He learns that,
because there was no liquor being secretly transported on the bus, the gangsters
were after one of the passengers, a master bootlegger who had been hurting the
smuggling business of the Revenuers’ own gang. That man suddenly walks into his
office, seeking help. Over dinner that night, the man says:
“It’s my opinion that the populace is paying for the mistakes
and errors in judgment committed by every member of the Women’s Christian
Temperance Union – WicTooers, as those of us in the trade like to call the rank
and file of that pernicious organization, the chief mover behind the whole
prohibition movement – who hooted and hollered about their husbands’ drinking
excesses. After all, the members of that ignoble outfit were the ones who
married their drunkard, spendthrift husbands in the first place. Instead of
divorcing the louts, or taking a frying pan to them, they arm-twisted
politicians into punishing the whole country for their spouses’ inordinate
forays into states of semi-consciousness.
“The penalty should fall upon those ladies and
harridans, and not upon the whole country!”
“I’m inclined to agree with Mr. Early,” said
Skeen. “With this reservation: All that hooting and hollering meshed very
nicely with the Progressive program of eventually turning this country into a
patronizing nanny state.”
“Armed with castor oil and a yardstick with which to
thwack miscreants,” added Dilys.
Valda Redfern chimed, “I’ve never seen a single picture
of one of those sour-pussed biddies who didn’t look like she’d rather be an
axe-wielding spinster and killjoy anyway.”
§                 §                 §
Cyrus Skeen and Chess Hanrahan are problem solvers.
Each subscribes to the efficacy of reason. Unlike many other fictional
detectives, they do not rely on “instinct,” gut feelings, intuition, or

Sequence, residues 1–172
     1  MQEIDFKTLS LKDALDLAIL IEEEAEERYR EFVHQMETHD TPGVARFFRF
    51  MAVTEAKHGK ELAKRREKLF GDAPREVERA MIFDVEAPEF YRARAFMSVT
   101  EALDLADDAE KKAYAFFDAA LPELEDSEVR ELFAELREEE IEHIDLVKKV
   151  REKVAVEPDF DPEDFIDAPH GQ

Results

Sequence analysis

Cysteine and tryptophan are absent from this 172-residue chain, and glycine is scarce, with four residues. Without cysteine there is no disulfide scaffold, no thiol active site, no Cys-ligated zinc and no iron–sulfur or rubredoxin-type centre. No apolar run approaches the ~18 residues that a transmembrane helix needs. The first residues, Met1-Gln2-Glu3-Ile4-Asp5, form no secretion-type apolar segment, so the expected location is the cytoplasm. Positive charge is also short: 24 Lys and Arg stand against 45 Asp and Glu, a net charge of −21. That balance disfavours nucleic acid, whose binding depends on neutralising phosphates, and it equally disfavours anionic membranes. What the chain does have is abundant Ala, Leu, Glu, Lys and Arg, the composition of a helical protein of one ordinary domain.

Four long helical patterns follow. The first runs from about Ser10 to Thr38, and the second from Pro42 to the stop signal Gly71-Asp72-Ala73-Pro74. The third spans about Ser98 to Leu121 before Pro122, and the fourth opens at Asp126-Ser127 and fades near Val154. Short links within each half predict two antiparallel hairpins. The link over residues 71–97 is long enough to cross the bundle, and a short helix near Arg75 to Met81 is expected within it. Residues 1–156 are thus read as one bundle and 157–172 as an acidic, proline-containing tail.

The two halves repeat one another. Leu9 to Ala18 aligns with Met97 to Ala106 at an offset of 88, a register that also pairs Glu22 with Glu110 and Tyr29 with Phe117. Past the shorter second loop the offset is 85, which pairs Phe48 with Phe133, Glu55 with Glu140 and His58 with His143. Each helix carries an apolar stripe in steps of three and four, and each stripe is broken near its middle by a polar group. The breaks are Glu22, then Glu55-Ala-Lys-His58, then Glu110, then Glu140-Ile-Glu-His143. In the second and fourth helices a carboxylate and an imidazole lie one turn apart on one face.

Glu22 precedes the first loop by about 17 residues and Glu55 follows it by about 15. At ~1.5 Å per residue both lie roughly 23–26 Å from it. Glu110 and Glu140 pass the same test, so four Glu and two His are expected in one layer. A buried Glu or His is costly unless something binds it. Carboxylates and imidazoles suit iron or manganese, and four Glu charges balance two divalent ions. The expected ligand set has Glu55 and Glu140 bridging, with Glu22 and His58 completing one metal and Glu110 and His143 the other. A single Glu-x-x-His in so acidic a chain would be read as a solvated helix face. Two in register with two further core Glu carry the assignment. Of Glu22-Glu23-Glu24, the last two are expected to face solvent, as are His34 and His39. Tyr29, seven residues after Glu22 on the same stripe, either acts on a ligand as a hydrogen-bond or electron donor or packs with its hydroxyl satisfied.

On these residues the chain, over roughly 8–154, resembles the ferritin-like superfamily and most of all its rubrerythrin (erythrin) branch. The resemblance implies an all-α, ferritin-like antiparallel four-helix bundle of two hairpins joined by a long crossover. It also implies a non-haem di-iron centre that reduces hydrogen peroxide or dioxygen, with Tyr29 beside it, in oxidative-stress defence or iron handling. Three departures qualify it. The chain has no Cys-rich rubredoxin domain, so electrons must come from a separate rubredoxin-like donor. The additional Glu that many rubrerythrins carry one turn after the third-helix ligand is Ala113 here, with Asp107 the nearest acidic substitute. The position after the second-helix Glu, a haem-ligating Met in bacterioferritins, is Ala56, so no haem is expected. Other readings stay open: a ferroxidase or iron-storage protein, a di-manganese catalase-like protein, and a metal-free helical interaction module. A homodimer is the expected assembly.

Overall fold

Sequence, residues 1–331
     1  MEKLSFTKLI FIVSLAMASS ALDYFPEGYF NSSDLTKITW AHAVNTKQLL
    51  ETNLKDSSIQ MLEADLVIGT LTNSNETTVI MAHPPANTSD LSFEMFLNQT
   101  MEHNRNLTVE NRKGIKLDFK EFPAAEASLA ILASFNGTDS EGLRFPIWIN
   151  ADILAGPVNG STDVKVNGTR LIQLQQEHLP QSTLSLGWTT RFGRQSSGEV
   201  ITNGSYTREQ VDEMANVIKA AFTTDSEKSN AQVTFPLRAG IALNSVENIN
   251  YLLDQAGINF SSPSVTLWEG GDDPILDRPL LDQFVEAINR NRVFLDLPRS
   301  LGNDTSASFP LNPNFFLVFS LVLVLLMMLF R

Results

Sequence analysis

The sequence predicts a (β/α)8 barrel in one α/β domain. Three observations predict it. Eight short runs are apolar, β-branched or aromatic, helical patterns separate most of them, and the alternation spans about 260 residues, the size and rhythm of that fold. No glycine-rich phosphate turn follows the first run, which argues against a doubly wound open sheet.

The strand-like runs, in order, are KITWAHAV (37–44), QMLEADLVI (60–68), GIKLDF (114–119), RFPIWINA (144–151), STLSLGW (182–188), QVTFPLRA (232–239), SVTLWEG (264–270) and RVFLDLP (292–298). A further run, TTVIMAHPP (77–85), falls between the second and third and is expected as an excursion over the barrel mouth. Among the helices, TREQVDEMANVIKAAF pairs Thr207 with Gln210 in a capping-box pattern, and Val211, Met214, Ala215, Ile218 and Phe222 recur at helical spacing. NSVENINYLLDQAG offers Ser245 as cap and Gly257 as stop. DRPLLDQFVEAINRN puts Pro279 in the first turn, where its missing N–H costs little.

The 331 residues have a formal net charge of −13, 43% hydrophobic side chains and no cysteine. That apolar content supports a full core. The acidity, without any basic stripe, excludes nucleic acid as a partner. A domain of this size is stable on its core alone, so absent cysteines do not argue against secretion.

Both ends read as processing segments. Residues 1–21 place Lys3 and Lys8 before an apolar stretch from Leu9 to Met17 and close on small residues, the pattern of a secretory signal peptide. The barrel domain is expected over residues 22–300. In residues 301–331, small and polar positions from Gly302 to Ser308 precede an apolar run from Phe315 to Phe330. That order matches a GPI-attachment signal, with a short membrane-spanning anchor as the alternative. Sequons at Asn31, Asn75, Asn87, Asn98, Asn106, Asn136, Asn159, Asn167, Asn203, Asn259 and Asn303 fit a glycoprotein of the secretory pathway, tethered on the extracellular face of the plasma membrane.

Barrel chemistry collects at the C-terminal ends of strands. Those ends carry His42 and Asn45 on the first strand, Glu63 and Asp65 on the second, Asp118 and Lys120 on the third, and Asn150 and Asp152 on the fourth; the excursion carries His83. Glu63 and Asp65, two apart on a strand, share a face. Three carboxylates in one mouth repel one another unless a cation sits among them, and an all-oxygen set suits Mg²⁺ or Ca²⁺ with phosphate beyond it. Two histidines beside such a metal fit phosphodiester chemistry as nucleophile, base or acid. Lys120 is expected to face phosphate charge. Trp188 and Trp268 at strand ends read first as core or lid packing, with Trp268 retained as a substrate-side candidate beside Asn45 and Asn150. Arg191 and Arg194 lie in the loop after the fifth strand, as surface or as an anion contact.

haphazard guess work to solve problems. Each is focused on the problem, while his
subconscious feeds him stored  information and past observations germane to
the problem. His mind sifts through that information which aids him in his
clue- and evidence-collecting and syllogistic tasks. Often Skeen and Hanrahan are
faced with the paradox of an A being a
non-A at one and the same time. In
exploding the paradox, they illuminate the contradiction. Justice is done.
Hanrahan and Skeen are thinkers and doers, “neither
tarnished nor afraid,” fully committed to reason and reality. The “mean
streets” they venture onto are often horrible and fraught with peril to
themselves. But nothing can deter them from pursuing the answers that challenge
their rationality.

The Transparency of Obama’s Malignity

Opportunities repeatedly have been overlooked by
the media and even by many blog news sites to more properly assess the true
motivations of President Barack Hussein Obama, based on his character, policies,
behavior and public mien. The scandal that has erupted
over MIT economics professor Jonathan
Grub’s remarks
during a panel discussion about the machinations behind
getting Obamacare drafted, and then enacted in Congress and signed by Obama,
can serve as an important guide to what Obama is “all about.” Judicial
Watch
focuses on the “transparent” contempt Gruber has for Americans:
The
esteemed college professor who served as one of Obamacare’s key architects has
admitted that a “lack of transparency” helped the administration pass
the disastrous healthcare law, which is facing a number of legal challenges.
It’s
a scandalous confession for an administration that has repeatedly vowed to be
the most transparent in history. The information comes straight from Jonathan Gruber,
the Massachusetts Institute of Technology (MIT) economist who served as a
technical consultant to the Obama administration during the Affordable Care